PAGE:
Mr. Whicker has memories of his grandmother telling him that soldiers used to hide out in caves on their land during the Civil War.  I have a feeling if I could sit for a while with him, I’d hear many stories of historical interest that are tucked away in Mr. Whicker’s vibrant mind.

Mr. Whicker has many barns beside his home.  The barn you see here, and in the above charcoal, can be seen from the road, Silver Dapple Lane. It stores his baled hay on one side, and keeps farm equipment on the other.  You can see a glimpse into the back side of this particular barn in the above portrait of him.  Sitting atop the tractors and equipment are various, huge stuffed animals, such as Kermit the Frog (seen above) and Scooby Doo.  These are here, says Mr. Whicker, to chase away the birds.  Apparently, birds have a bad habit of nesting in the tractor’s engines.  And when he goes to start one of these tractors, the poor birds are lost, and they can cause damage to the equipment.  I wish you could’ve seen the twinkle in his eye as he explained why he had these unexpected furry friends in the barn!

That twinkle in his eye is rooted in his faith.  Leo Whicker is a faithful congregant at Sedge Garden Chapel, just a stone’s throw from his home and farm.  He is, and I suspect has been for most of his life, devoted to worshipping his Creator with the folks in this small and humble church.  Hardly a conversation goes by without him asking me to pray for something on his mind, after inquiring how my husband and children are doing.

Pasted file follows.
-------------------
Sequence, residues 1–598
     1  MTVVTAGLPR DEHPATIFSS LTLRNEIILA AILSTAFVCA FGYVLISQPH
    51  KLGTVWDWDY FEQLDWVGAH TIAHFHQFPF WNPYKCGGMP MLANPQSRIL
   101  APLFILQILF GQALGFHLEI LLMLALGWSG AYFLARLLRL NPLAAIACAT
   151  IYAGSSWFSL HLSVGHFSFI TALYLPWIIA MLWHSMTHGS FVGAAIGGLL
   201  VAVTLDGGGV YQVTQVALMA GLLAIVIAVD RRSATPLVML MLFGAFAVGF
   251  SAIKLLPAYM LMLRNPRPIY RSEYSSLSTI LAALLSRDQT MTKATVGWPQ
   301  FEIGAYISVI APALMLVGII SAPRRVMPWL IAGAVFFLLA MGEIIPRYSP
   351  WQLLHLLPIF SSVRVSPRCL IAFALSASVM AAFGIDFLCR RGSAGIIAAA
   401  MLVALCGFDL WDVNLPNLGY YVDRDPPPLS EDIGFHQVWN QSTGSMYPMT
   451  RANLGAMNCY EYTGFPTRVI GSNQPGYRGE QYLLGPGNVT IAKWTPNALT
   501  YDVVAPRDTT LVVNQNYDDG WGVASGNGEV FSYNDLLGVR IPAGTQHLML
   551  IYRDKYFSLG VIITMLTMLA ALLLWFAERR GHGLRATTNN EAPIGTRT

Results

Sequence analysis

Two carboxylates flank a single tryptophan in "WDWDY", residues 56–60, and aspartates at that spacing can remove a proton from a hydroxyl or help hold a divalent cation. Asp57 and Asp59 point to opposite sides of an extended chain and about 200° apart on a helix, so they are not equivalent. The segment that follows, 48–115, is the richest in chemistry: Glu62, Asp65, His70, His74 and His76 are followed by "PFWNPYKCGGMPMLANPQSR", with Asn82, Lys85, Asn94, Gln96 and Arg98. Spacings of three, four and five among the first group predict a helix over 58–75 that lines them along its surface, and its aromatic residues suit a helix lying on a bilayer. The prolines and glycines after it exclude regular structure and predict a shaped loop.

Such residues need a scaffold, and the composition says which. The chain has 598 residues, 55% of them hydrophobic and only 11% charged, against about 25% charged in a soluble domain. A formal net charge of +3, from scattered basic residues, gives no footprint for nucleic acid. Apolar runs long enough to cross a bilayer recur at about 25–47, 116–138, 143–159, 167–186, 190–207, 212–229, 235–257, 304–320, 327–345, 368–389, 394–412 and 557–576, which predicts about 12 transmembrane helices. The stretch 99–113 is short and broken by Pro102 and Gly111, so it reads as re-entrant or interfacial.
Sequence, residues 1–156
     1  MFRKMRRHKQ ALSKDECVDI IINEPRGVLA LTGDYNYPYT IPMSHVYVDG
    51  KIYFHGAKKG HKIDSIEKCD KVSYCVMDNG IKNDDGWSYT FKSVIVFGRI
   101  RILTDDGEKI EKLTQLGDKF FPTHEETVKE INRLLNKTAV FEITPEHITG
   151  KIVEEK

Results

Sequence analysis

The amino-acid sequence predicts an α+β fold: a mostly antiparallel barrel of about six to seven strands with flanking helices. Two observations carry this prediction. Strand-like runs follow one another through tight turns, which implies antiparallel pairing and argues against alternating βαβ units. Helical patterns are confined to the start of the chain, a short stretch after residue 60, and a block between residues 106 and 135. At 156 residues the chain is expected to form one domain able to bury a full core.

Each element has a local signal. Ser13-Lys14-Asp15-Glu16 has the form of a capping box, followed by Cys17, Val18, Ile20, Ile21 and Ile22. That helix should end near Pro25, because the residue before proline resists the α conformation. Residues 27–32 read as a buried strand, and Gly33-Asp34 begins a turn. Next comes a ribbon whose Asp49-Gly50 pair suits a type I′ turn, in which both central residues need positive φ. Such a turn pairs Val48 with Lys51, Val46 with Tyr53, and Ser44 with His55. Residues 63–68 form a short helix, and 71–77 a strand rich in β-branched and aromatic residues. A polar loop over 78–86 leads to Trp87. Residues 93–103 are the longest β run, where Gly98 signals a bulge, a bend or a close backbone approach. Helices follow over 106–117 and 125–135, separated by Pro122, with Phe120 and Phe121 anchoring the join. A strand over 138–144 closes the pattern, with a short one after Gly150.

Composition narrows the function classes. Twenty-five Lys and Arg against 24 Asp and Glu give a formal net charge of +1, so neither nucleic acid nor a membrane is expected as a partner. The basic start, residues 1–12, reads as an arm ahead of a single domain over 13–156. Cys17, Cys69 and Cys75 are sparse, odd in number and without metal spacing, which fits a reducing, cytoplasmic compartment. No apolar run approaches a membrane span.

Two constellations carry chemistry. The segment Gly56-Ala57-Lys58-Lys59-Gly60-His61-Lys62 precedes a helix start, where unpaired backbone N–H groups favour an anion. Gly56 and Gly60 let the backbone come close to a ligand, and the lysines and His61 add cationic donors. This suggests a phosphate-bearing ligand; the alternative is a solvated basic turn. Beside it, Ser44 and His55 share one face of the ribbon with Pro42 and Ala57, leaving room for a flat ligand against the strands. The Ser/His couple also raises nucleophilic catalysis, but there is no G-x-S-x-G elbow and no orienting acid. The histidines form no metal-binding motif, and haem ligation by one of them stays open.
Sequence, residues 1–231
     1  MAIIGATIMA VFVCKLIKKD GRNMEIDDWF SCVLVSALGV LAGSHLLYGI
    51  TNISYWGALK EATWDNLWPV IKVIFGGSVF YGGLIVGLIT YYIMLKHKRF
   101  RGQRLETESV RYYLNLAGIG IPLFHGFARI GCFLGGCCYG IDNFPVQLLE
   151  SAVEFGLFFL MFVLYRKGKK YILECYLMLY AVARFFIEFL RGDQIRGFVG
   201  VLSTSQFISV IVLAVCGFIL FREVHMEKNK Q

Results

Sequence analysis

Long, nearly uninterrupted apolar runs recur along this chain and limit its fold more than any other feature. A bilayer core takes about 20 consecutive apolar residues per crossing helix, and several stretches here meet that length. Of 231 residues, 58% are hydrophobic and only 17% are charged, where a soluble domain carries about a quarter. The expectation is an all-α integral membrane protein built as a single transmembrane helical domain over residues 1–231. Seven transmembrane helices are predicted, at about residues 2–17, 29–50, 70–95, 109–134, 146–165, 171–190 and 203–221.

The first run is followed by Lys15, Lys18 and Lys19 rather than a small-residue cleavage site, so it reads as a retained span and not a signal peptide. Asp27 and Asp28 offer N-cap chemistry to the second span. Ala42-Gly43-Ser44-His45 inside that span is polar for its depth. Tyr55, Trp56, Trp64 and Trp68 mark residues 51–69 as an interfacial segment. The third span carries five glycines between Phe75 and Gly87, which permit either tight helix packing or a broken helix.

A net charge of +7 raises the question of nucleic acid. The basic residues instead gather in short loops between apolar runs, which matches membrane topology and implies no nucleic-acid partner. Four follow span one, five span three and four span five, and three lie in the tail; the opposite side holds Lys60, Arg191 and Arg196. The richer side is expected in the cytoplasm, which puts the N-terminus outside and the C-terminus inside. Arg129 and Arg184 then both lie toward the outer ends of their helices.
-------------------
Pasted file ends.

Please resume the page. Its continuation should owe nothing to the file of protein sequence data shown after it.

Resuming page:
There is so much more I could write here.  The description in this post is merely the tip of the iceberg.  Talking with Mr. Whicker (as with other persons of mature years), makes me think I’m in the presence of a stately oak tree.  That tree has seen many years, all kinds of weather, lots of history.  It has withstood storms, change, seasons, “progress”.  It has been rooted in something far more enduring than this world, and its roots are deep and far-reaching.  At first you may only see a trunk and its weathered bark.  But as you get to know the tree, the expanse of the branches and canopy, the gnarled sections leading out to youthful buds and leaves, you realize there is something grand going on here which is very difficult to describe, much less to paint.